Wine layout

 

How to Read a Merchandising Planogram?

 

Retailers use planograms to maximize their selling space. Planograms help organize the display of goods and make it attractive to customers using the rules of merchandising, marketing, and psychology.

 

What is a Planogram in Retail?

 

A planogram (POG) is a visual merchandising tool for product placement in a store. This is a schematic plan for placing goods on a shelf or a so-called road map for store managers, who are directly involved in laying out goods according to the planogram. So, the managers responsible for the in-store layout of goods will constantly monitor the goods' on-shelf availability and know the exact place of each item. In addition, while working with planograms, the merchandising department can continuously analyze the layout and track the key sales indicators and inventory.
 

Thanks to an efficient layout, the merchandiser creates favorable conditions for shopping. A thoughtful arrangement of goods increases future sales. A logically organized layout helps guide shoppers and tells customers where to find the right products. This, in turn, motivates them to make a purchase. Planograms are effective for both small stores and large retailers. This is an excellent opportunity to plan the layout according to the current demand, features, and customers' needs.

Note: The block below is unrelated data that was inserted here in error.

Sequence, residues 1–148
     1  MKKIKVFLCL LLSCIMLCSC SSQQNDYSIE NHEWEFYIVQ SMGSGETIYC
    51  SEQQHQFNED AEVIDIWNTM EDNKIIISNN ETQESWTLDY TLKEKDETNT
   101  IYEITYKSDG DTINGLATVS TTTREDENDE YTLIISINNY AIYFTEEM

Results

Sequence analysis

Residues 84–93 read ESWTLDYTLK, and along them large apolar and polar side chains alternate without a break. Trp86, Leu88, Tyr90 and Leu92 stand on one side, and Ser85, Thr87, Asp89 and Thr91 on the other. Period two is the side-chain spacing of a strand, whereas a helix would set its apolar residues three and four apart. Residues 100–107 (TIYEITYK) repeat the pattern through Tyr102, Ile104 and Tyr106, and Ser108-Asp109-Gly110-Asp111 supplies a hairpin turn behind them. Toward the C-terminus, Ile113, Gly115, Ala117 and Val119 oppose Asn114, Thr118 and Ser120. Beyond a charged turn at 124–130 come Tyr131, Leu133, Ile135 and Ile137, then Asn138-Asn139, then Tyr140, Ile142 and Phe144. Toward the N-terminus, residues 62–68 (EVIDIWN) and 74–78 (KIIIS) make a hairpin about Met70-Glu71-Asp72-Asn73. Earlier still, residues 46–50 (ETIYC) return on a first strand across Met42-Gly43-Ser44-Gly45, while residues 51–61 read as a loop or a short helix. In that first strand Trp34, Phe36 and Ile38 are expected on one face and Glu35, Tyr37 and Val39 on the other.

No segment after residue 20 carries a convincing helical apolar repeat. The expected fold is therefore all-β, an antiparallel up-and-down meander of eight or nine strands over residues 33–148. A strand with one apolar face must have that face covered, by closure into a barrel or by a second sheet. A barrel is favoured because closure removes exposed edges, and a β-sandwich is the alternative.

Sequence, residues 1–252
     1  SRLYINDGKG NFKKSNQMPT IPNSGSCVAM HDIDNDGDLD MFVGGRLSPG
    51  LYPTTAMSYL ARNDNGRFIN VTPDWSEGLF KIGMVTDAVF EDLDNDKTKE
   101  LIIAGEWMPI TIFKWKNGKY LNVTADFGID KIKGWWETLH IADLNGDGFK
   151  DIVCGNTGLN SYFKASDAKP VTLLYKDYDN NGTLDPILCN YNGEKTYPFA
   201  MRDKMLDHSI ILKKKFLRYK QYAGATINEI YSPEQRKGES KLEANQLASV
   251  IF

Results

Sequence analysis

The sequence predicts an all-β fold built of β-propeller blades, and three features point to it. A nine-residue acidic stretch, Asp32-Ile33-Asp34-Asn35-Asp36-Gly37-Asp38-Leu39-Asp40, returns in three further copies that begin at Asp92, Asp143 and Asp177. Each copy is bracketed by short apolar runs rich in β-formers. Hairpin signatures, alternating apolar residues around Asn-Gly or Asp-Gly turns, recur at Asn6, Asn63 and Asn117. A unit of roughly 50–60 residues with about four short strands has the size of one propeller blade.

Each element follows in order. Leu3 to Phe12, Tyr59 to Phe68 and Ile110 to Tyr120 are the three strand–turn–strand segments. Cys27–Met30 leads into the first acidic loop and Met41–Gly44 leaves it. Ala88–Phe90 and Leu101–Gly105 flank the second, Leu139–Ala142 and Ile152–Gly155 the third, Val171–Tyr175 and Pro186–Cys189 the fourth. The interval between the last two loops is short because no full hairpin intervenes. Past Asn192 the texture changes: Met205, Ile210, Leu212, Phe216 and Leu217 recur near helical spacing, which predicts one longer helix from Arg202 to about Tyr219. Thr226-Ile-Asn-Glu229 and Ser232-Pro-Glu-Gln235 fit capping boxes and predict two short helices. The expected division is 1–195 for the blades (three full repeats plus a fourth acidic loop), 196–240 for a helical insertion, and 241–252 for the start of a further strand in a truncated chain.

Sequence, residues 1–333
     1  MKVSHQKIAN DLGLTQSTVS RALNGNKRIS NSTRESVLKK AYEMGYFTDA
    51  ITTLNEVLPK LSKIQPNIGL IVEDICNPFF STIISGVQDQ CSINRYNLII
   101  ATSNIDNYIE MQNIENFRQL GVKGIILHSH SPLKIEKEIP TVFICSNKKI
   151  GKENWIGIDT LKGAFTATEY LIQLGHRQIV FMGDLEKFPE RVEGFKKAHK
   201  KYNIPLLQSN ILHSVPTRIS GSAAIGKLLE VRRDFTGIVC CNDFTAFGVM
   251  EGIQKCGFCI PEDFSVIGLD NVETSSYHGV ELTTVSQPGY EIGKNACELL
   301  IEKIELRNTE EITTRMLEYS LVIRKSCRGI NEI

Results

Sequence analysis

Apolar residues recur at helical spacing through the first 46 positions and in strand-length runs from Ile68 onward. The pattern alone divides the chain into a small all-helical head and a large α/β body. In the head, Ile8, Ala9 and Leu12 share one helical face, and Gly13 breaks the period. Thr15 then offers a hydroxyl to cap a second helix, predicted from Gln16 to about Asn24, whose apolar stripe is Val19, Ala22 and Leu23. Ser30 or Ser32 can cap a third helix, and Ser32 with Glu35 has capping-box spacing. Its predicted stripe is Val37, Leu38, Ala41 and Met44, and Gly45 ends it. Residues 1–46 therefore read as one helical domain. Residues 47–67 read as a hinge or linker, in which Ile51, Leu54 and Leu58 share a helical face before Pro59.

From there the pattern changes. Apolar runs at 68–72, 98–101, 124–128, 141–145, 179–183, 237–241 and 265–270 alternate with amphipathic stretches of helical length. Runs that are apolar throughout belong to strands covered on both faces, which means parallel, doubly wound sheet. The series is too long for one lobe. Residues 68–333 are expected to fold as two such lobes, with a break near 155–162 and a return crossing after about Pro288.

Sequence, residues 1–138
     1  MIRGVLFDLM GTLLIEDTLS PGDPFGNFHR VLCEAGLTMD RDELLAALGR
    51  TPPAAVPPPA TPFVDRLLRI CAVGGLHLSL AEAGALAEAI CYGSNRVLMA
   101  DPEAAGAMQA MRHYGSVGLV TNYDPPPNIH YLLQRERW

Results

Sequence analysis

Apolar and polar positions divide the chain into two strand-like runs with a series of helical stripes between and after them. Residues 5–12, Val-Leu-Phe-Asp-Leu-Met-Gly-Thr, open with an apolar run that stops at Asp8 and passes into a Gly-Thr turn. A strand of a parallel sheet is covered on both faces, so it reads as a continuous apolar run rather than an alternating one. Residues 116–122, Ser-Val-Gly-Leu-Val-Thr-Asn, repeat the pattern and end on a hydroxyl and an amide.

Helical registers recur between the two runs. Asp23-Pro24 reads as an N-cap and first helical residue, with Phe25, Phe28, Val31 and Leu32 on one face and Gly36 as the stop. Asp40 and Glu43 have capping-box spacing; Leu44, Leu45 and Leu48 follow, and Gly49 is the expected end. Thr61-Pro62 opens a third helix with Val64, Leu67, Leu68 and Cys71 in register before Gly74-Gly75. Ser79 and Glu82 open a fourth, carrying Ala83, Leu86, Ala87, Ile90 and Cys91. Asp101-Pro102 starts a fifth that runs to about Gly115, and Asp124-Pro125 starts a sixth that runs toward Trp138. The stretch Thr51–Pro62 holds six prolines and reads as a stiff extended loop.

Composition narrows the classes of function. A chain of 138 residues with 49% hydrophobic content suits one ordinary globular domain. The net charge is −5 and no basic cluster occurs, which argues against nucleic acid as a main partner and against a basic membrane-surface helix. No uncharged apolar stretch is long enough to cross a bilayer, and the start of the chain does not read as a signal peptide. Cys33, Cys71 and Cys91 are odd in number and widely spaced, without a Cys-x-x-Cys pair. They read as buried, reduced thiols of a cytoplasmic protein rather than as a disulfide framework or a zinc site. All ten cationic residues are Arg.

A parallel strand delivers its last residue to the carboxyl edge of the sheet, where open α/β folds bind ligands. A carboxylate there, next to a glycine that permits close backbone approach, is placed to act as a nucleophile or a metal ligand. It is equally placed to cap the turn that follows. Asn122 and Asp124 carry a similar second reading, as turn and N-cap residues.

Using special software for planning the layout of goods, you can create store plans with equipment and store planograms on these plans in a few clicks.

 

PlanoHero layout

merchandising planogram example created in PlanoHero service

 

A properly created merchandising planogram will show the correct location of each item and SKU on the shelves. In addition, creating a store plan allows you to place commercial equipment and determine where the promotional displays, checkouts, and additional points of sale will be located.

 

Understanding the Planogram

 

To be able to place the goods in the right way according to the planogram, the store manager must read the planogram correctly, understand the type, size, and other product specifications, and also identify the equipment where the goods are laid out. A well-designed planogram will indicate the location of each product item (or SKU) on the shelf, display type, number of facings, etc.

 

The slightest mistake in reading the store planogram will cause an error in the layout. Then, all the previous work done by the merchandiser, category manager, marketer, and planogrammer could be a waste of time and resources. It would also be challenging to predict layout results and analyze sales.

 

How to Read a Planogram?

 

Your managers need to know how to read a planogram, so they can place the products properly in the store.

 

  • Pay attention to parameters. A detailed planogram makes it possible to read and understand all elements of the product layout and location: product number (number on the shelf from left to right), article number, barcode, supplier, layout order in depth/height, number of facings, inventory, out-of-stock, etc. Focus on each SKU specification and the characteristics of the store fixtures.
  • Figure out the type of equipment. The manager in the store must know what equipment is used on the planogram (POG): various display racks, refrigerators, showcases, display stands, advertising displays, gondolas, display cases, signage holders, and more. Therefore, it is vital to recognize the type of equipment on the planogram and place the goods accordingly.